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World: Terrorist Network Must Be Beaten At Its Own Game

  • Don Hill

Two years ago, the U.S. RAND Corporation published a book that has proved startlingly prescient in light of the recent terrorist attacks in New York and Washington. Its theme: How the information revolution has enabled small, previously isolated groups to communicate and form organized networks for terrorist operations. One of the authors tells RFE/RL correspondent Don Hill about the potential successes and failures of the developing U.S. response to this month's terrorist attacks.

Prague, 24 September 2001 (RFE/RL) -- A U.S. nonprofit public policy organization and defense contractor reported more than two years ago that the information revolution had given birth to a new and dangerous kind of terrorist organization based on networking.

Now one of the report's authors says that just such a network could well have conducted the 11 September terrorist attacks on the United States.

He is Michele Zanini, a researcher for the RAND Corporation for the last five years. He and two RAND colleagues contributed in 1999 to a U.S. government-commissioned study called "Networks, Netwar and Information-Age Terrorism."

In it, they said that network-style organizations are turning the nature of international terrorism away from occasional efforts at coercion and toward a form of protracted warfare. They said the August 1998 bombings of U.S. embassies in East Africa were the opening shots of a war of terror against the United States.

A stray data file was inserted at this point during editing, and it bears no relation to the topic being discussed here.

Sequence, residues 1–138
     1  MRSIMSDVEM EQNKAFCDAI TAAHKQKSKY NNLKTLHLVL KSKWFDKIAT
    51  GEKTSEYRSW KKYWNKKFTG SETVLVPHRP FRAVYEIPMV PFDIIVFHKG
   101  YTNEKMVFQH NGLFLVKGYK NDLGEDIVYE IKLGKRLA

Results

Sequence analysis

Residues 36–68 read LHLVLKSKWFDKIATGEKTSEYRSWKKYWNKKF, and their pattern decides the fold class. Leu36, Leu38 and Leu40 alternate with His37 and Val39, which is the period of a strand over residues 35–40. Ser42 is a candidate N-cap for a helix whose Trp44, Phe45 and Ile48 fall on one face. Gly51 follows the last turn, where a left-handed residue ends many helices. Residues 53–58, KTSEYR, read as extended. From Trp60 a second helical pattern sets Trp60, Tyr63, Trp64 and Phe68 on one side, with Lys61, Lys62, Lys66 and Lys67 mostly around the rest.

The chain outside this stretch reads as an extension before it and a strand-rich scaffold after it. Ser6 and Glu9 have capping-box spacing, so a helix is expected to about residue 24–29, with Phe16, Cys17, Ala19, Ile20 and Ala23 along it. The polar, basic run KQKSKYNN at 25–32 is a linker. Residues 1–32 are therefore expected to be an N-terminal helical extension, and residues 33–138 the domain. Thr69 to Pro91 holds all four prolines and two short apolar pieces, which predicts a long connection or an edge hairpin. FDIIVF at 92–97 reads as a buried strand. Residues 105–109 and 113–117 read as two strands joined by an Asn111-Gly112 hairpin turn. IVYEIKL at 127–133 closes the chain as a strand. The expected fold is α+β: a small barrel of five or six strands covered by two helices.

The book identified three principal reasons that terrorism appeals to its perpetrators. One is because it provides a way of asserting identity and attracting attention to a cause. Another is that it represents a kind of nihilism -- an attempt to create a new world order by destroying the present one.

A third reason, the authors said, is that terrorism can be used as a weapon in what they called a "netwar," or a war of the weak. The authors said they coined the word "netwar" to put the United States on notice that network-based conflict would soon become a major phenomenon -- a prediction that appears, with the U.S. attacks, to have come true.

In a recent interview with RFE/RL, Zanini says this "netwar" factor appears to have motivated the 11 September attackers:

"I think that of these three paradigms, the war paradigm is the one that is most applicable. That is, this is a weapon of the weak against the strong. It is what the technical people like to call asymmetric strategy. That is, these groups know they do not have a good chance to win a conventional war against the United States."

He says that like any wartime enemy, those behind the 11 September attacks appear to have a strategic goal:

"Their larger agenda is to drive the West, particularly the Americans, out of the greater Middle East, and the Persian Gulf in particular. I think a lot of them, including [Osama] bin Laden, are particularly offended that the United States has troops stationed in Saudi Arabia, in Kuwait, in Bahrain and in other [Arab] countries."

Zanini says he understands the rhetoric employed by the administration of U.S. President George W. Bush from the day of the attacks, saying that the United States has declared war on terrorists: